Wednesday, July 23, 2008

The Hidden 'Hispanic' Republicans: Completely Fake Ones Who Count On Republican Local Predominance...

to preserve their affirmative action jobs. If democrats take over later, these mostly female, quota-fillers, might be out altogether, or be cut off from future promotions. Such jobs pay tens of thousands more than the unreserved equivalents, and the onset of a liberal local regime, ensures a priority of intolerance towards the fake Hispanics in government at least. This source of support, which requires lots of political participation extending to local races such as are ignored by most, could be even the greater part of the 4.8% Republican Hispanic proportion. That is, of the 4.8%, as reported here: profiles based on '08 primaries..., the Hispanic share of the Republican primary voters.

4 comments:

Audacious Epigone said...

Hidden indeed. Nine of ten elected Hispanic officials in the US are Democrats. Profiling a couple open borders types on the Republican side like Mel Martinez doesn't change that.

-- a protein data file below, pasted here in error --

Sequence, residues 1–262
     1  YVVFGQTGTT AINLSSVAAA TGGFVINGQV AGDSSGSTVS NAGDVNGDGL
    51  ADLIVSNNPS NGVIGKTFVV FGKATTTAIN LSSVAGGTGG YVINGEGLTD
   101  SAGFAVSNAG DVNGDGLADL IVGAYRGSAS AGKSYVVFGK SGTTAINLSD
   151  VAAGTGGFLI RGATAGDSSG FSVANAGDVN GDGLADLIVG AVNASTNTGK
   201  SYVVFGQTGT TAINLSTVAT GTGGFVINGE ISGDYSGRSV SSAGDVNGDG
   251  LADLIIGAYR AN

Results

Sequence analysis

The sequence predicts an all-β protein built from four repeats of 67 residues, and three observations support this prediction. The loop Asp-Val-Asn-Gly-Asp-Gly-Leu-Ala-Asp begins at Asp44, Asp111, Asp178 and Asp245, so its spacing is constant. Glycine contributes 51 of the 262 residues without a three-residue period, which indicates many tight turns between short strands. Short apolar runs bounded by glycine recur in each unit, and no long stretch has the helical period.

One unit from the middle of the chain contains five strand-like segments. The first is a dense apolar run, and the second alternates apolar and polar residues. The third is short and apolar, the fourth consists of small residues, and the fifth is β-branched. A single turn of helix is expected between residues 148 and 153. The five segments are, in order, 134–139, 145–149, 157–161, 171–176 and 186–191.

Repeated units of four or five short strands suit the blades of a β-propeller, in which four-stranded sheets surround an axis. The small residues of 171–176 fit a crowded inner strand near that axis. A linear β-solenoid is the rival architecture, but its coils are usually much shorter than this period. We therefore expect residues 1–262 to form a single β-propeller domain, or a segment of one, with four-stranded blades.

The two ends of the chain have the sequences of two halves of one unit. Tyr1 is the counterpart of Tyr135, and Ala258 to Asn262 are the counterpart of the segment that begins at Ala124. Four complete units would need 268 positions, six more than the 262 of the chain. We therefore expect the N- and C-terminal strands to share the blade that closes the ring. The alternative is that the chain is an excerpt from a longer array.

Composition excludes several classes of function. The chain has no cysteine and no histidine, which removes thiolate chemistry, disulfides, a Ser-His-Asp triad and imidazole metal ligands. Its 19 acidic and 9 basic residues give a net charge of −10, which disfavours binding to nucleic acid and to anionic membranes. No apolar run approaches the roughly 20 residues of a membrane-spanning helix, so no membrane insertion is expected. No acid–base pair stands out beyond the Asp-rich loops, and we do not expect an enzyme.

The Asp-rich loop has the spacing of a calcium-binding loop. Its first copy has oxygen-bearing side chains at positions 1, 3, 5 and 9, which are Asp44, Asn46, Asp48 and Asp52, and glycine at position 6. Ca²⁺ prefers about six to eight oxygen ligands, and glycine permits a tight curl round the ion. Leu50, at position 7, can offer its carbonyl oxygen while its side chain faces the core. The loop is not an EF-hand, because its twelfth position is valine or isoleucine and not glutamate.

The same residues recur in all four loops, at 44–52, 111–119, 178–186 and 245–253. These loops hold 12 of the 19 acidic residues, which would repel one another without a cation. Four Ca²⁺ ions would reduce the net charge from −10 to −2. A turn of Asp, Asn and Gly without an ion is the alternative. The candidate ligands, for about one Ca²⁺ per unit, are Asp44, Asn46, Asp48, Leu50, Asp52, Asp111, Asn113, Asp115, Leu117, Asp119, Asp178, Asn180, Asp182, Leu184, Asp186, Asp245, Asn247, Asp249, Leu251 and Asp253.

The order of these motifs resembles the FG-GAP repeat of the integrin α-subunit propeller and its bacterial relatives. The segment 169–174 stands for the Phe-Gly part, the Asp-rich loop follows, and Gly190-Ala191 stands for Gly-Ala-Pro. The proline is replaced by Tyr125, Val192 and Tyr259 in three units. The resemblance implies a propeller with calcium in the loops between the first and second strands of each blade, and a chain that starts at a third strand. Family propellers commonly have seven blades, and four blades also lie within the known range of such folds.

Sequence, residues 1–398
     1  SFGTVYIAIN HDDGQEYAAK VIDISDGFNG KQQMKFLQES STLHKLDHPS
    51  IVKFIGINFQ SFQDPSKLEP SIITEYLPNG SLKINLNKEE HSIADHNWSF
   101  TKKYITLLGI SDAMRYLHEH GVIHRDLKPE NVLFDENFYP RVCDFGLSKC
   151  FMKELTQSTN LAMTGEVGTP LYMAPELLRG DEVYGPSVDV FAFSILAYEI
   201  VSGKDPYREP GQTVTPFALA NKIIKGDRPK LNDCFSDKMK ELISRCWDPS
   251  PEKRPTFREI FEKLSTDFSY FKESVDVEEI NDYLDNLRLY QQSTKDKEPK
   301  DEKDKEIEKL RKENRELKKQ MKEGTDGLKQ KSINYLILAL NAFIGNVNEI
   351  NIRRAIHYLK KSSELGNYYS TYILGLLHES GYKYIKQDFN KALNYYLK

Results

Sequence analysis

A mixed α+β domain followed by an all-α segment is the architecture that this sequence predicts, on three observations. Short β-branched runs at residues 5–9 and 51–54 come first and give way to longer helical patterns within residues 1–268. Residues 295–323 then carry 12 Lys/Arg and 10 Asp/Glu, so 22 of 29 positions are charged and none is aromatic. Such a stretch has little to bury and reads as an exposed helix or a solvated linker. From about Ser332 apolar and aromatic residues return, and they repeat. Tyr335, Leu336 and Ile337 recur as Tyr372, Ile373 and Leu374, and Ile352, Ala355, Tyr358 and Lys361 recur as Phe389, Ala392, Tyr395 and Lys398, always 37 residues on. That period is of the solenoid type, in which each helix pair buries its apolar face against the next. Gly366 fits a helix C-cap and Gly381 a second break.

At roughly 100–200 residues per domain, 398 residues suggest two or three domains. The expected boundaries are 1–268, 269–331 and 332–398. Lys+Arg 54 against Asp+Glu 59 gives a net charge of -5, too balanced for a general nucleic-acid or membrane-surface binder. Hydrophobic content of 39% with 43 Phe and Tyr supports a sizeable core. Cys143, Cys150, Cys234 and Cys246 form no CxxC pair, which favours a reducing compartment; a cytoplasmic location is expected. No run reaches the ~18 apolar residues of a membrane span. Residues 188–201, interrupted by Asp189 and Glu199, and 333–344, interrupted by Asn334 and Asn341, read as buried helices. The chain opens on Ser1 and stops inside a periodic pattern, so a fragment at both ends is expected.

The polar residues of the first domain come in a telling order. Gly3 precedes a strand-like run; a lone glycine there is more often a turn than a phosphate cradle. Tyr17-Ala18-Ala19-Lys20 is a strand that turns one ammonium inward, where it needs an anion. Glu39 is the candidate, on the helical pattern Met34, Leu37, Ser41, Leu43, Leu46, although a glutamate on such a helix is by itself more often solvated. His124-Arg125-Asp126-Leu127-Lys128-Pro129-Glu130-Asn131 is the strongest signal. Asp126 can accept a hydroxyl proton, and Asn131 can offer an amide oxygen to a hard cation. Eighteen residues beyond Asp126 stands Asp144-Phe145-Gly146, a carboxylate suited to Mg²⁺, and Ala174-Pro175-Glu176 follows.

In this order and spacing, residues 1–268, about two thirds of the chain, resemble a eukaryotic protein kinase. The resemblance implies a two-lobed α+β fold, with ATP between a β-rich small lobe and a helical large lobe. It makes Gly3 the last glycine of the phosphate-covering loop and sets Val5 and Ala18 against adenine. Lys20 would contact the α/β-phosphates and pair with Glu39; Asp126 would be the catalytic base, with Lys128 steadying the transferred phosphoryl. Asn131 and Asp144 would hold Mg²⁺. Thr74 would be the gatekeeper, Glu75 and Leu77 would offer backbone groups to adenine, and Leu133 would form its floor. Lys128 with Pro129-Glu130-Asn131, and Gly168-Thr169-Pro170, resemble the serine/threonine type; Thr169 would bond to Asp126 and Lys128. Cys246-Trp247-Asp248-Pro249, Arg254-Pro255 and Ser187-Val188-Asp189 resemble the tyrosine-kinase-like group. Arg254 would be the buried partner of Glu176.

John S. Bolton said...

I wasn't thinking of high-profile ones like Linda Chavez, but of all the civil servants and such, in the jursidictions which aren't too liberal. In Boston and S.Fran, for some examples, saying you're Hispanic when all you did is change your name, is not allowed; but in Republican jursidictions it is. This allows for a large number of fake hispanics to be depending on republican control of numerous jurisdictions.

Nick said...

If these are conservative White people taking AA advantages and influence away from 'real' Hispanics I applaud them. To challenge them is to endorse 'real' Hispanics claim on your purse and future.

John S. Bolton said...

They are probably none too conservative, but opportunistic moderates, who have to fear a liberal takeover in their jurisdiction. They are more likely to be female than male, to be single mothers or divorced rather than married, and their game can go on so long as there are places that need to fill quotas but don't need real Hispanics.There could be millions of them, and with a somewhat higher voting participation than their age would predict.